The images above use daily precipitation statistics from NWS COOP, CoCoRaHS, and CoAgMet stations. From top to bottom, and left to right: most recent 7-days of accumulated precipitation in inches; current month-to-date accumulated precipitation in inches; last month's precipitation as a percent of average; water-year-to-date precipitation as a percent of average.
Last Week Precipitation:
The higher elevations of the UCRB received some precipitation last week, while most of the lower elevation areas remained drier
The Wasatch and Uinta mountains in northern UT received between .50 and 1 inch of precipitation
The Wyoming and Wind River ranges in western WY and the northern and central CO mountains received between .25 and .5 inches, with
some areas closer to 1 inch
The lower elevations mostly received no precipitation up to .25 inches Northeast CO and eastern WY received between .01 and .25 inches last week, while southeast CO was dry
The majority of the northern half of the UCRB received below average precipitation, between 20 - 70% of average for the month, with some isolated areas near or slightly above average.
The central portion of the basin in western CO and eastern UT, received between 50% - 130% of average precipitation, the higher amounts along the CO-UT boarder and west.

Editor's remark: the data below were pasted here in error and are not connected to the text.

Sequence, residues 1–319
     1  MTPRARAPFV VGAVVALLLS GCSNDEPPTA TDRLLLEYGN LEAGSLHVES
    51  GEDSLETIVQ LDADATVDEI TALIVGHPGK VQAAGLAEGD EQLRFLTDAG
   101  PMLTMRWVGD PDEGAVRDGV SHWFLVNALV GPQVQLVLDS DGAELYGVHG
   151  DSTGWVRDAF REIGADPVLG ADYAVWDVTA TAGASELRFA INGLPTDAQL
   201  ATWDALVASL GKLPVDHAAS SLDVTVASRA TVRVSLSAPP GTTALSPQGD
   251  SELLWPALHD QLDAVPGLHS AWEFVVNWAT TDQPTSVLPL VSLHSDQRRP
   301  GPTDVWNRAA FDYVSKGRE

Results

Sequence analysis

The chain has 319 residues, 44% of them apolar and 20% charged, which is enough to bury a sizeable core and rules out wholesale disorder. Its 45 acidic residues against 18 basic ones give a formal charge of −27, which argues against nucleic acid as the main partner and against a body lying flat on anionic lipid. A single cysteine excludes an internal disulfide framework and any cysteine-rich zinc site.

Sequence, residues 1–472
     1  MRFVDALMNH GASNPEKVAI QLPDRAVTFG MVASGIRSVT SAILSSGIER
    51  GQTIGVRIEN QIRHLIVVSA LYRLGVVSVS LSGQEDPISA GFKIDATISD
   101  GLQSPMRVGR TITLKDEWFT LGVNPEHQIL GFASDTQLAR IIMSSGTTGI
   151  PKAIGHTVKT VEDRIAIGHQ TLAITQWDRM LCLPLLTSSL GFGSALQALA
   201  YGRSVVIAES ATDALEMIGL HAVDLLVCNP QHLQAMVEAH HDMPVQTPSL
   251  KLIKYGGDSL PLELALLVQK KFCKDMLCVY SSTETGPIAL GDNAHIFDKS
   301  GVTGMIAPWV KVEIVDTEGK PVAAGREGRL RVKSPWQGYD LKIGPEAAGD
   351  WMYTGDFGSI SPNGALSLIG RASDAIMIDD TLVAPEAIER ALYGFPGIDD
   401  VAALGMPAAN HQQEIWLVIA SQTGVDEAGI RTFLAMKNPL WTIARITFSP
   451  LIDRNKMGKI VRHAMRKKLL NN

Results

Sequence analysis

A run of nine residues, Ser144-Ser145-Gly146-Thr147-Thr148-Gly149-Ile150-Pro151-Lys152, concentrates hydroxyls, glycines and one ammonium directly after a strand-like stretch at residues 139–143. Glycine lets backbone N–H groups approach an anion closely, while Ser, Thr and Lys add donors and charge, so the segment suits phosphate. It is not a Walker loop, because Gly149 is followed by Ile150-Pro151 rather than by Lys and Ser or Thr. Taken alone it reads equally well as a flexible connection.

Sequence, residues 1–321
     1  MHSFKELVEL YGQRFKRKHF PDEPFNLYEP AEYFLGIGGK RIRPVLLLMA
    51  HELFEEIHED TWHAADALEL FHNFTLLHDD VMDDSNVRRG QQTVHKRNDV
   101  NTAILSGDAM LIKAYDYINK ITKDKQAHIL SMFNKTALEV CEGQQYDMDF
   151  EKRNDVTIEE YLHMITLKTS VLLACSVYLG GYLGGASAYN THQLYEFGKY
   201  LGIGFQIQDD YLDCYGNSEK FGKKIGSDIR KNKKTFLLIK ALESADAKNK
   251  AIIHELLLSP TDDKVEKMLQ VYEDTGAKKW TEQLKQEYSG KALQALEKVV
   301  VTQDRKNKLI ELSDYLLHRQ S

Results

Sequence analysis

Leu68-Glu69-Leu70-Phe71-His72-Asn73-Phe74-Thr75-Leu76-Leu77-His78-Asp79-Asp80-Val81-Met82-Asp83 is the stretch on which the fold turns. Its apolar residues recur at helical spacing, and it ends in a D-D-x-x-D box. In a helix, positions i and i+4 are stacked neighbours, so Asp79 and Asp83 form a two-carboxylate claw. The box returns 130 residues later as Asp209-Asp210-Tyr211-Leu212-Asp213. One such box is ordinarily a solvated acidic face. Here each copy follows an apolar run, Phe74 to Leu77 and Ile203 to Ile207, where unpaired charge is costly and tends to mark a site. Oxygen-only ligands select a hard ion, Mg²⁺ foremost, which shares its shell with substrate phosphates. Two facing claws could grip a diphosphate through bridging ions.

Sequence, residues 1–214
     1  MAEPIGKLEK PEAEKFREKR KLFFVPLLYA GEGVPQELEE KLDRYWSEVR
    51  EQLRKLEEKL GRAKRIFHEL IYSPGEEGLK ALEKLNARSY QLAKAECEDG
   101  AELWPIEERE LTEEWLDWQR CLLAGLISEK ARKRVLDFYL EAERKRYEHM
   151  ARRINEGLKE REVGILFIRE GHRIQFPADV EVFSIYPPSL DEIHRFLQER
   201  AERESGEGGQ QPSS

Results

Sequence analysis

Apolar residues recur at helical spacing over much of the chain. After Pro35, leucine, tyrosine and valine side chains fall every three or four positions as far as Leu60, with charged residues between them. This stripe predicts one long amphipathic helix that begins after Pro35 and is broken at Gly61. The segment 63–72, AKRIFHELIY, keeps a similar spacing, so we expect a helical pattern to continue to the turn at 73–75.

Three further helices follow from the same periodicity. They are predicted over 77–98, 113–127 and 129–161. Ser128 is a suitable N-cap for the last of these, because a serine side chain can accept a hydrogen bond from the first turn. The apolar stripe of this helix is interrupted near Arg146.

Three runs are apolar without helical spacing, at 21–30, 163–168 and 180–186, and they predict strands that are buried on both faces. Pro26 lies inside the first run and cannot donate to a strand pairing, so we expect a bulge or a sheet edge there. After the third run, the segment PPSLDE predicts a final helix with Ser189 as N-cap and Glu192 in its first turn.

Most of the Four Corners region and the CO River valley in southern UT were wetter, receiving between 90% and 200% of average
precipitation for the month, with southern UT above 300% of average The Wasatch range and other higher elevations in central UT received much below average precipitation
East of the basin, in eastern CO and WY was drier, receiving between 20% - 70% of average for the month.
The upper Arkansas basin and the Rio Grande basin in southeast CO saw beneficial precipitation, with above average precipitation, to more than 300% of average.
Southeastern CO was also drier, between 50% - 90% of average.
Water Year Precipitation:
Much of the UCRB has seen near and above average precipitation through the first two months of WY2014
The Wasatch and southern Duchesne ranges has been drier with 50% -90% of average.
Most areas of eastern UT and western CO received between 90% and 130% of average precipitation for WY2013, with some spotty areas less than 70% of average
Northeast CO was near average 70% to 130% of average.
The rest of eastern and southeastern CO has been below average, in the range of 30% to 70% of average, with some areas up to 90% of
The upper Arkansas basin and Rio Grande basin are above average for the start of WY 2014 thanks to an above average November.
The top left image shows the Natural Resources Conservation Service's SNOTEL water-year-to-date precipitation percentile rankings. The top right image shows sub-basin averaged snow water equivalent accumulations as a percent of average. The images below show accumulated snow water equivalent in inches (green) compared to average (blue) and last year (red) for several different sub-basins across the UCRB (and were created by the Colorado Basin River Forecast Center).